Inflation remains key to performance of growth vs value
In US markets, the tug of war continues between inflation hawks who worry about rising prices being currently seen almost everywhere and those who view the recent surge in consumer prices as only transitory, caused mainly by the re-opening rush and pandemic-led supply chain disruptions. Even though US economic data of late have fallen short of initially high expectations for post-Covid recovery and have eased concerns about rising rates, it is difficult to see why the 10-year US treasury yield is still trading below its pre-pandemic lows. It is also difficult to ignore the rising input costs which are being passed on with more ease and look to be moving downstream.
In the meantime, US capital markets are continuing to show bubble-like characteristics that have for months been flashing signals of liquidity excesses building up in the system. It is also very interesting to see assets held in US money market funds having surged from December lows and are not far from May 2020 highs when the pandemic-led asset allocation panic to safety peaked. With capital inflows to US stocks also reportedly shrinking, institutional investors seem to be turning more cautious while animal spirits among individual investors continue to run wild.
Our stock selections in Japan is fairly agnostic to the above uncertainties as our market looks far more attractively valued and more importantly, is more economic sensitive which we think leaves it ideally positioned for the next 18 months. This is especially the case as Japan’s consumer price inflation have remained subdued while the yen has been fairly weak again, looking poised to renew its March lows against the dollar. Nevertheless, we are keeping a close eye on the US macro picture and its long-term rates as sentiment can turn hawkish fairly quickly which in turn could lead to a dramatic performance divergence between value and growth stocks.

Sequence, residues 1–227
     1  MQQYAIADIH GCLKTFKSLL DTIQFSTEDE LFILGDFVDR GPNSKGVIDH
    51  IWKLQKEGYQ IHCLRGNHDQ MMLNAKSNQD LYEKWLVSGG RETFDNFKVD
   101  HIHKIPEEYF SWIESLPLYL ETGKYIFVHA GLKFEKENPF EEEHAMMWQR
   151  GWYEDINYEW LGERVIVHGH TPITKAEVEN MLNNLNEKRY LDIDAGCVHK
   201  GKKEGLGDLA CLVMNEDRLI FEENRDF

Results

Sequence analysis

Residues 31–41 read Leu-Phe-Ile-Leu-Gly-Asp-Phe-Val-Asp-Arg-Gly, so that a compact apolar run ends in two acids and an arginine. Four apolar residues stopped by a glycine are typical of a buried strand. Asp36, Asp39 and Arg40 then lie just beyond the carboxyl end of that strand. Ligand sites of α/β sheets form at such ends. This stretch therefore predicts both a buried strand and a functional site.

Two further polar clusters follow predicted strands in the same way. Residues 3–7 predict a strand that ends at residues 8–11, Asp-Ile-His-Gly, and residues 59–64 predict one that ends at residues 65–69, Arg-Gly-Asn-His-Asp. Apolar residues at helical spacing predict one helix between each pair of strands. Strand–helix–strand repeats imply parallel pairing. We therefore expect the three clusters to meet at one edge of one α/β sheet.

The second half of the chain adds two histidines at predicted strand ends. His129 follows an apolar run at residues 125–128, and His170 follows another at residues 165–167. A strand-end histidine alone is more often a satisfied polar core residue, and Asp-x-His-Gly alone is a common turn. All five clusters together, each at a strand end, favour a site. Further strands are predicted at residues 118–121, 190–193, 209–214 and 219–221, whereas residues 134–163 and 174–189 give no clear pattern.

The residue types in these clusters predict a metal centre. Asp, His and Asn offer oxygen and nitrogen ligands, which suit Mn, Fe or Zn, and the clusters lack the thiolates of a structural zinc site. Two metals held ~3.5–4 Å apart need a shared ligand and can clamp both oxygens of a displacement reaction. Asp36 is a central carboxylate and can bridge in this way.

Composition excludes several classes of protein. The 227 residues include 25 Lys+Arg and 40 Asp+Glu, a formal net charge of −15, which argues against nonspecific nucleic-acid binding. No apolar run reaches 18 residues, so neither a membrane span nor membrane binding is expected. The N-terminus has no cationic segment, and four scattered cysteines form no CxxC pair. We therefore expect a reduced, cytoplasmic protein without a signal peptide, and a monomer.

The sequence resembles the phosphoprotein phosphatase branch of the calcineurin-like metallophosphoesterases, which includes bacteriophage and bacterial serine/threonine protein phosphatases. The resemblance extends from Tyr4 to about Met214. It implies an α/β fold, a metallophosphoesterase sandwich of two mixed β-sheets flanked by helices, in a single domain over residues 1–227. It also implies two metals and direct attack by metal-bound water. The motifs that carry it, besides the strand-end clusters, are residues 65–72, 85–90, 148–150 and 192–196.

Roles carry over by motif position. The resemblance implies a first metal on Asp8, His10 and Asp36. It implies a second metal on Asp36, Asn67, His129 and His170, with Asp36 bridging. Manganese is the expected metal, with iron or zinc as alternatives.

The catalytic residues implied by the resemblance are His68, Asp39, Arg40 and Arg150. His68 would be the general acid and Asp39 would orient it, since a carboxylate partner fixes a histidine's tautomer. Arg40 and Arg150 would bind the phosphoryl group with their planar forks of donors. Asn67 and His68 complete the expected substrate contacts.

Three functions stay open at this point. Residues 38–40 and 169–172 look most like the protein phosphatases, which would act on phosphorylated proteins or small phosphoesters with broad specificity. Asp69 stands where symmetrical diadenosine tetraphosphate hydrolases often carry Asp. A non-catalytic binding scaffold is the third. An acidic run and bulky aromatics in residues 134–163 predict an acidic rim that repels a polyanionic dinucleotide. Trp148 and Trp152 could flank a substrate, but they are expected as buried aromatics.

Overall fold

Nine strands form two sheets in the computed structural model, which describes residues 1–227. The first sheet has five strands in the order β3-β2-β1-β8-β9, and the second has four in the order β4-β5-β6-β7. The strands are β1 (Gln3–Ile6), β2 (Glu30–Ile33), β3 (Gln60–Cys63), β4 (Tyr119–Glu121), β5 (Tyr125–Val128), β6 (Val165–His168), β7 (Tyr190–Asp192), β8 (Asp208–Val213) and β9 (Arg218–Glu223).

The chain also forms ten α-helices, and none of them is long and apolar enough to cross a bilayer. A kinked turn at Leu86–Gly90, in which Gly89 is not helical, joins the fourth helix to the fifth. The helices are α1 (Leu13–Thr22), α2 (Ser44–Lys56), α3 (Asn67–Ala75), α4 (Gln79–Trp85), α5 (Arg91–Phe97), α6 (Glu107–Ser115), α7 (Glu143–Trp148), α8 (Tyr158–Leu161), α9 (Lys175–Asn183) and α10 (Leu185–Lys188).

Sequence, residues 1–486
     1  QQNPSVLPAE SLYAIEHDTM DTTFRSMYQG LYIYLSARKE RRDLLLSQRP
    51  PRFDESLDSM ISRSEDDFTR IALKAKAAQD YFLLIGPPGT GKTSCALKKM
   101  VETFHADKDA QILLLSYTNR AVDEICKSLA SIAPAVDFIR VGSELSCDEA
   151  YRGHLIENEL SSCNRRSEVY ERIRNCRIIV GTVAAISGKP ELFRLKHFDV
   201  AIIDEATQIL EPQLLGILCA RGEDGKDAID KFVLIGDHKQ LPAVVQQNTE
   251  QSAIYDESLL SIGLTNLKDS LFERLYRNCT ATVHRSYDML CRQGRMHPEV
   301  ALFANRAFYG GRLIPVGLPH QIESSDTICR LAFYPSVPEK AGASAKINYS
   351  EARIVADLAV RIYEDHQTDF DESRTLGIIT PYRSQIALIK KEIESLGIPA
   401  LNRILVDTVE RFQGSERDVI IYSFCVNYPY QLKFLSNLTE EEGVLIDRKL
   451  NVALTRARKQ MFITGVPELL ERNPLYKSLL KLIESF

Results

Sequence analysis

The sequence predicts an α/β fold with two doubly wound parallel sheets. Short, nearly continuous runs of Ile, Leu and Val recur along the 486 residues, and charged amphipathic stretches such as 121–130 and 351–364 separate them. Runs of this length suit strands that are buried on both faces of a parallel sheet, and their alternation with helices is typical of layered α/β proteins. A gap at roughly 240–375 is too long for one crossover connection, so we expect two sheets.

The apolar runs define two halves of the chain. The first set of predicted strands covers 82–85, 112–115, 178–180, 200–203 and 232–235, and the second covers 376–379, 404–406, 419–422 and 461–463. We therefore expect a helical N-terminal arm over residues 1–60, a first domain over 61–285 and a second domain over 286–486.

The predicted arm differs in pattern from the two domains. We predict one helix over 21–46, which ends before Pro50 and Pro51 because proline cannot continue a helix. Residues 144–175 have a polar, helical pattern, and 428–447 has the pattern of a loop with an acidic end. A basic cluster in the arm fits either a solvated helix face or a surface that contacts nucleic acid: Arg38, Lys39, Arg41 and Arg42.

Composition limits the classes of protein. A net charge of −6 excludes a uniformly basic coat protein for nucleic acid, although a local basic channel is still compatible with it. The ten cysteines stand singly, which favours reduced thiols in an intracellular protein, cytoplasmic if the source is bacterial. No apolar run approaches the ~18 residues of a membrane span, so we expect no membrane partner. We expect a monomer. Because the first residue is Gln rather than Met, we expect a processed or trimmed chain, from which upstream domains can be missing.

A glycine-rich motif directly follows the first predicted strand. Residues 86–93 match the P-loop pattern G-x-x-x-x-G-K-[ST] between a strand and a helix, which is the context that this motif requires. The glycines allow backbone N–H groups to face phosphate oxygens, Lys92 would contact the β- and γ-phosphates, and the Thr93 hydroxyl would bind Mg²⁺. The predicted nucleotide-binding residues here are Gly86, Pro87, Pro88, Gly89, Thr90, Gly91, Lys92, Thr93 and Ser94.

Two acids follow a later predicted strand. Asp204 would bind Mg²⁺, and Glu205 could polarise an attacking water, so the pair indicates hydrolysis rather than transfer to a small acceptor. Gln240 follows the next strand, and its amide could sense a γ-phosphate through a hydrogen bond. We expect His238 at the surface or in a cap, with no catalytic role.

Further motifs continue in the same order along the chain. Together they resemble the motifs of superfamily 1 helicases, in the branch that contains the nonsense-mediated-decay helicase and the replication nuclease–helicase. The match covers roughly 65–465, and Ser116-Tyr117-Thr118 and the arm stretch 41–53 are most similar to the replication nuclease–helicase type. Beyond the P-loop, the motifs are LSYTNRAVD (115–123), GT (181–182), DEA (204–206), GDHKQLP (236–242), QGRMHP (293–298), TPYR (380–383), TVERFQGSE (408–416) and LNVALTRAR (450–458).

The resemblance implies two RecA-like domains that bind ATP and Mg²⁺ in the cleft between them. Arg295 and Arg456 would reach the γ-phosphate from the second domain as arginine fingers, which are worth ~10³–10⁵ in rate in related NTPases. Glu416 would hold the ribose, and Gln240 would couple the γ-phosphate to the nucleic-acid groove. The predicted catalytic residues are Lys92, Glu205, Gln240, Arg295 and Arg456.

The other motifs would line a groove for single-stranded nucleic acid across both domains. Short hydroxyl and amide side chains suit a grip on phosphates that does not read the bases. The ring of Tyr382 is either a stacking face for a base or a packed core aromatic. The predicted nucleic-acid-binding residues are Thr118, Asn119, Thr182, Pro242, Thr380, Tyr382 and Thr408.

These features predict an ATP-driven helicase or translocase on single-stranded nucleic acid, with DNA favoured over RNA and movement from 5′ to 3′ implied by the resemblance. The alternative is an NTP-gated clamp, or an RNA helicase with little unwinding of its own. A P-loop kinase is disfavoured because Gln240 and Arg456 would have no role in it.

Japan’s policy makers ignore calls to call off the summer games
Some think that Suga-san and the ruling party have now come too far to turn back on Olympics, taking a massive gamble that the summer games can be staged safely. As we have previously pointed out, irrespective of the outcome, Suga’s days as Japan’s PM look numbered and should the games be staged as planned, he will probably be kept around until September to take the fall for any potential mishaps. However, the outcome of the games could also have serious implications for the ruling party itself with Lower House elections only four months away.
The good news is that given staging the games have become government’s top priority, vaccination rates have finally been surging. Although this shift into action has reportedly come too late to prevent a potential super spreader event in late July, it is nevertheless easing concerns about Japan’s medium-term prospects for normalisation. We think there still is a chance that policy makers come to their senses and cancel the event. In such a scenario, we suspect Japan stocks will actually surge as investors realise that Olympics is a sunk cost and that prolonged lockdowns are far more costly and the removal of this distraction to focus on beating the pandemic is indeed a good thing.
However, if the games are indeed held as authorities currently suggest, we think the market could trade sideways as the uncertainty of how safely they have been held will linger at least until end of summer when its full impact should be apparent by then. Nevertheless, with mRNA vaccines having proven to be fairly effective against all Covid variants and other jabs also being re-sequenced to better target the new mutations, we think these Covid-related concerns should provide a good entry points for the long Japan trade which we continue to advocate to global investors.